Some think that when Jesus shout­ed, My God, my God, why hast Thou for­sak­en me” it was a moment of weak­ness. Not at all! In fact this was Jesus’ moment of great­est tri­umph! Jesus, who had walked in con­stant com­mu­nion with the Father, now became so total­ly iden­ti­fied with mankind that He was the actu­al embod­i­ment of sin. As Paul wrote, He became sin for us.” (1 Corinthi­ans 5:21) He had suc­ceed­ed in tak­ing into Him­self all of the dark pow­ers of this present evil age, and He defeat­ed every one of them by the light of His presence. 

Hav­ing accom­plished this great­est of all His works, Jesus then took refresh­ment. Soon after this He remarked, It is fin­ished”; that is, the work He was doing was com­plet­ed. He could feel the last dregs of the mis­ery of mankind flow through Him and come out into the Father’s care. The last twinges of evil, hos­til­i­ty, anger, and fear drained out of Jesus and He was able to turn again into the light of God’s pres­ence. It is fin­ished.” The task is com­plete. Soon after, He was free to give up His spir­it to the Father. 

The Effects

In one of his most pow­er­ful hymns Charles Wes­ley wrote, He breaks the pow­er of can­celed sin, He sets the pris­on­er free.” Some­times we miss the fact that sin can be can­celed out (i.e., for­giv­en) and still have pow­er over us. Wes­ley saw so clear­ly that not only can sin be can­celed out, but its pow­er can be bro­ken. Ear­ly Quak­ers, of course, knew this, for every­where they went they ful­ly expect­ed to be defeat­ing all Satan­ic pow­ers and estab­lish­ing the right­eous and peace­able reign of Christ, their present Teacher and Deliverer.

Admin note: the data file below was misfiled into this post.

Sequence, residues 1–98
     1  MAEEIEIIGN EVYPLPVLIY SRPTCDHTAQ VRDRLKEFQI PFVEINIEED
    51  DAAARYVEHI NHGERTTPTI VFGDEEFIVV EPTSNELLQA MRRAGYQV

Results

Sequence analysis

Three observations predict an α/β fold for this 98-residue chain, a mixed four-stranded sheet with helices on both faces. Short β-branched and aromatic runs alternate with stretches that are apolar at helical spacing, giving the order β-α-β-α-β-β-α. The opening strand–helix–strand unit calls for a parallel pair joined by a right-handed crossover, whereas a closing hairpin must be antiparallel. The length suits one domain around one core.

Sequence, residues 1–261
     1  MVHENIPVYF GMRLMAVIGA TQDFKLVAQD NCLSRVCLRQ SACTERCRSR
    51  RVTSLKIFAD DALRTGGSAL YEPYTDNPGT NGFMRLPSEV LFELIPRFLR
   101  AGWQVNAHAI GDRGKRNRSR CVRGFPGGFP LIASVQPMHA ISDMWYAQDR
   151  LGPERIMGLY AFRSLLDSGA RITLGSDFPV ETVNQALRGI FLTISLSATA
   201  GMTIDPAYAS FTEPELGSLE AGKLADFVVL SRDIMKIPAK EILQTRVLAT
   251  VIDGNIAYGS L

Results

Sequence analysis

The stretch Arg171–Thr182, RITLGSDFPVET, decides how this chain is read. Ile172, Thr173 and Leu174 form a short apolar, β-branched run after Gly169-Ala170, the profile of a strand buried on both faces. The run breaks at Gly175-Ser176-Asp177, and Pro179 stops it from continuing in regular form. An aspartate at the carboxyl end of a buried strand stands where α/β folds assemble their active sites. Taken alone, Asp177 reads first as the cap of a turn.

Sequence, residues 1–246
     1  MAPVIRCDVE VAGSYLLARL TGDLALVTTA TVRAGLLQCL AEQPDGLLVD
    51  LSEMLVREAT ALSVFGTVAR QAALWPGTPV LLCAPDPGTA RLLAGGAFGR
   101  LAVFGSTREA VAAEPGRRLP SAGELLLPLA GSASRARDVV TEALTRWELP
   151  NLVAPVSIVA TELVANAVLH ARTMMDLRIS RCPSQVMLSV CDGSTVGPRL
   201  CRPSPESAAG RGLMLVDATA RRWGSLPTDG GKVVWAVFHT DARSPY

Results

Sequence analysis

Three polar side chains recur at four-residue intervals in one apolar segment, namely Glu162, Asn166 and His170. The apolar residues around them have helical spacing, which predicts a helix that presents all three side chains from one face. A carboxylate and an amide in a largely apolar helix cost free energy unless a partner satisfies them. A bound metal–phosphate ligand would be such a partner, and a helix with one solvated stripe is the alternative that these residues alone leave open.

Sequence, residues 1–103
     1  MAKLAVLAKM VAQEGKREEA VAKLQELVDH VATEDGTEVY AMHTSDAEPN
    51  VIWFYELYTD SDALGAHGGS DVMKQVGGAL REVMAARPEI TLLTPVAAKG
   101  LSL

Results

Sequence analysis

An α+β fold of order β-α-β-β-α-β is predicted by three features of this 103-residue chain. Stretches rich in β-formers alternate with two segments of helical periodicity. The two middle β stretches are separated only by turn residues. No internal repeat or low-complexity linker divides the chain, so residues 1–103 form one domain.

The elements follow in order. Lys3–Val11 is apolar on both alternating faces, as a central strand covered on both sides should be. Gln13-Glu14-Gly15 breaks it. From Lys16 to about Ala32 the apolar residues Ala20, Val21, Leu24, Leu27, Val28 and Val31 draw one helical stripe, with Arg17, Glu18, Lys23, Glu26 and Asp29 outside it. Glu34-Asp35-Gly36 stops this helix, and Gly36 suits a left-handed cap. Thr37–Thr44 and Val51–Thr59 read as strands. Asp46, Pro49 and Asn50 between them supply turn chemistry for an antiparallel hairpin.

Because of this won­der­ful work of redemp­tion, the sor­rows of the past can be healed. There is a fine book titled, Your Inner Child of the Past. It ana­lyzes so well how the lit­tle child that we were and that still lives in us can affect us today. But after such a bril­liant analy­sis of the influ­ence of our inner child of the past, it can do no more than advise us on how to cope with our past. Jesus can do a whole lot bet­ter than that. He can heal the inner child of the past. I know this not only because I read about it in the Bible, but because I have seen it hap­pen more than once.